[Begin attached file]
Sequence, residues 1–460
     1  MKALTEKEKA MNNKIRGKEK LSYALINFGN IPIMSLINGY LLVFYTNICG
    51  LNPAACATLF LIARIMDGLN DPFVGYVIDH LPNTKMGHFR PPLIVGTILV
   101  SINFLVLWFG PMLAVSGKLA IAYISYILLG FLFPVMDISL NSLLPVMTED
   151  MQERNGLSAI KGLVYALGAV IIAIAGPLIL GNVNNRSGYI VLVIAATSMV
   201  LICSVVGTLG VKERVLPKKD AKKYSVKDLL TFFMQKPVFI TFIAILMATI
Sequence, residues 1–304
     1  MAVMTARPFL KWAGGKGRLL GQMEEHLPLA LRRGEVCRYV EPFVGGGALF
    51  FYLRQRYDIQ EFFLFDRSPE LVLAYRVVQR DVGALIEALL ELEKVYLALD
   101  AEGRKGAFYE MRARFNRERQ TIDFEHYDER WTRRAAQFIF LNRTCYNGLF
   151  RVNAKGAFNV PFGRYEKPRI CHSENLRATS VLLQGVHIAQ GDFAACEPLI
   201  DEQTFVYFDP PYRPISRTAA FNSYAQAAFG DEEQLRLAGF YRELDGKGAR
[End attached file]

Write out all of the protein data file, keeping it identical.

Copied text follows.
Sequence, residues 1–460
     1  MKALTEKEKA MNNKIRGKEK LSYALINFGN IPIMSLINGY LLVFYTNICG
    51  LNPAACATLF LIARIMDGLN DPFVGYVIDH LPNTKMGHFR PPLIVGTILV
   101  SINFLVLWFG PMLAVSGKLA IAYISYILLG FLFPVMDISL NSLLPVMTED
   151  MQERNGLSAI KGLVYALGAV IIAIAGPLIL GNVNNRSGYI VLVIAATSMV
   201  LICSVVGTLG VKERVLPKKD AKKYSVKDLL TFFMQKPVFI TFIAILMATI
Sequence, residues 1–304
     1  MAVMTARPFL KWAGGKGRLL GQMEEHLPLA LRRGEVCRYV EPFVGGGALF
    51  FYLRQRYDIQ EFFLFDRSPE LVLAYRVVQR DVGALIEALL ELEKVYLALD
   101  AEGRKGAFYE MRARFNRERQ TIDFEHYDER WTRRAAQFIF LNRTCYNGLF
   151  RVNAKGAFNV PFGRYEKPRI CHSENLRATS VLLQGVHIAQ GDFAACEPLI
   201  DEQTFVYFDP PYRPISRTAA FNSYAQAAFG DEEQLRLAGF YRELDGKGAR